One of the biggest challenges facing the national security edifice is actually the very poor state of civil-military relations bordering on lack of trust and even occasional hostility. That the armed forces continue to be pushed down the ladder in terms of their status compared to their civil service counterparts and that the veterans have been deprived of whatever little respect is due to them are prime reasons that the youth of India, of the calibre that the armed forces need, are not coming forward to join. One can only regret that the manifesto is silent on the issue of civil-military relations — issues on which will finally rest the entire edifice of democratic India’s national security.
The recognition that the increasing shortage of commissioned officers in the armed forces needs to be addressed is a welcome development. Unless, however, the underlying causes of why the armed forces are not attractive any more are analysed and recognized, this will remain a pious intention. The armed forces are short of the right calibre of officers primarily because we have by our own shortsighted policies made this an unattractive option. Let us pause and reflect. What significant respect or honour are we according to the right-minded youth whom we would want to spend months on the lonely Siachen heights, or in submarines and combat aircraft that have outlived their lives and yet be willing to give their life for flag and country? Again, there are no thoughts on how this fundamental weakness is proposed to be handled.
It is also surprising that the solution being offered to make good the shortage of officers is to “set up four dedicated defence universities”. In military parlance defence universities are places of higher professional learning in matters of security strategy and resource management and are for senior military and civil officers who will then shoulder higher level national security policy, planning and management responsibilities. Only a very few countries have one such university each. Our own National Defence University has been over a decade in making, and its foundation stone was laid only in 2013. Does one sense that the specialists formulating the manifesto were unaware of what a defence university signifies?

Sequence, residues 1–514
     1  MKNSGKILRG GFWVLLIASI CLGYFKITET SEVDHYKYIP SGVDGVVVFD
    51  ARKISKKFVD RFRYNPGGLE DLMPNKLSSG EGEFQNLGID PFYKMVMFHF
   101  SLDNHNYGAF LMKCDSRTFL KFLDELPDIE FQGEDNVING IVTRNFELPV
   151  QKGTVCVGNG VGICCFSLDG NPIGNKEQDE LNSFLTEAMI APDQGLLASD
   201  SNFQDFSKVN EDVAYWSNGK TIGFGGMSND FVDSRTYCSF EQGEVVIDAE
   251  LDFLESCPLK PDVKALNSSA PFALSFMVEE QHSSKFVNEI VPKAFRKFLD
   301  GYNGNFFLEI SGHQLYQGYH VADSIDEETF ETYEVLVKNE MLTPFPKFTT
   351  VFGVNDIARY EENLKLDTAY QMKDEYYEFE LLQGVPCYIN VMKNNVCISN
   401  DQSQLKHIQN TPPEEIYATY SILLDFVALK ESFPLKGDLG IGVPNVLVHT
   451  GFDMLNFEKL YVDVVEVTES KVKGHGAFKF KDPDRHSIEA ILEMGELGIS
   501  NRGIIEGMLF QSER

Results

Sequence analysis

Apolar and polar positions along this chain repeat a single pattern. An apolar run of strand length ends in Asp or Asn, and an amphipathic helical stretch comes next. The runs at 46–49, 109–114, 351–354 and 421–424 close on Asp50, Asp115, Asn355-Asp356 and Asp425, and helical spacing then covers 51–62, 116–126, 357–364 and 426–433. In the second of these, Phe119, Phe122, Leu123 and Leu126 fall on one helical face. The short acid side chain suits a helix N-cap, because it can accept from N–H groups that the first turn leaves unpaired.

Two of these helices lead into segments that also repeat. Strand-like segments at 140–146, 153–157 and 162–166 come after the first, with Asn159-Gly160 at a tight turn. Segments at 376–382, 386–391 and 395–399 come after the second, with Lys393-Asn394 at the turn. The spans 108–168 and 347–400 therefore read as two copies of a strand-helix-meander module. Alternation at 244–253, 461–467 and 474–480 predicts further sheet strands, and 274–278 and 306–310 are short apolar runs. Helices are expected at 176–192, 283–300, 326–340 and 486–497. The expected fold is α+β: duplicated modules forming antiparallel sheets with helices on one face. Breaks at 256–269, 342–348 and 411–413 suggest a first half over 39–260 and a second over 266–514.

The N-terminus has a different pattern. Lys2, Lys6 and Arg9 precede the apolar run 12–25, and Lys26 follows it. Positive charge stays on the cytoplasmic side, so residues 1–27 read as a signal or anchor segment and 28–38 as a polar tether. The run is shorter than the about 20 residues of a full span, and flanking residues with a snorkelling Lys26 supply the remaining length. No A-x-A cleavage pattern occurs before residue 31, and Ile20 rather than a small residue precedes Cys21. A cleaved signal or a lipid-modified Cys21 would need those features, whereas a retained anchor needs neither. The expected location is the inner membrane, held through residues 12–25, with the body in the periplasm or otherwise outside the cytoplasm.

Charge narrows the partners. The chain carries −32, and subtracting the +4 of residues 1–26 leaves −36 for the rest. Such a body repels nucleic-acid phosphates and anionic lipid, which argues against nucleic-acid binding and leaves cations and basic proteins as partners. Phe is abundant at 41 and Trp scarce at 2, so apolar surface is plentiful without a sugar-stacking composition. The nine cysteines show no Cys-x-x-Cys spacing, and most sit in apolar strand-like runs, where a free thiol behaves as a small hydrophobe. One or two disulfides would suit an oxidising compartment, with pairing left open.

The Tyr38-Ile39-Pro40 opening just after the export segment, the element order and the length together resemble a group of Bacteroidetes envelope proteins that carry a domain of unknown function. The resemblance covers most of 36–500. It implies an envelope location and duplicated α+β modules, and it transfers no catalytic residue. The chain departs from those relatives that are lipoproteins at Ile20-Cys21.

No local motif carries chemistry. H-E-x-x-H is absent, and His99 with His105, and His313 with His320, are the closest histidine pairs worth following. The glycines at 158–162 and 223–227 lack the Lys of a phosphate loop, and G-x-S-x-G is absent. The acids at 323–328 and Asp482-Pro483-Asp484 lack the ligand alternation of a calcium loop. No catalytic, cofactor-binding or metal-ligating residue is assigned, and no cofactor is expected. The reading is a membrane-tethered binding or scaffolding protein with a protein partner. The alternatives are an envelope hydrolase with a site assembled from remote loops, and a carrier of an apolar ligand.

Finally the commitment to build a “war memorial to recognize and honour the gallantry of our soldiers” is welcome, but a firm pledge to do so on the Central Vista in New Delhi is sadly missing. It is a crying shame that the babus of the ministry of urban development and assorted jholawala interests have had a veto on this very natural location for the national war memorial.
As a historic national election gets going and political parties prepare for the mother of all political battles, a perusal of party manifestos and promises of the two principal political parties conveys the impression that ‘national security’ is an unwanted baby and the armed forces the orphaned child.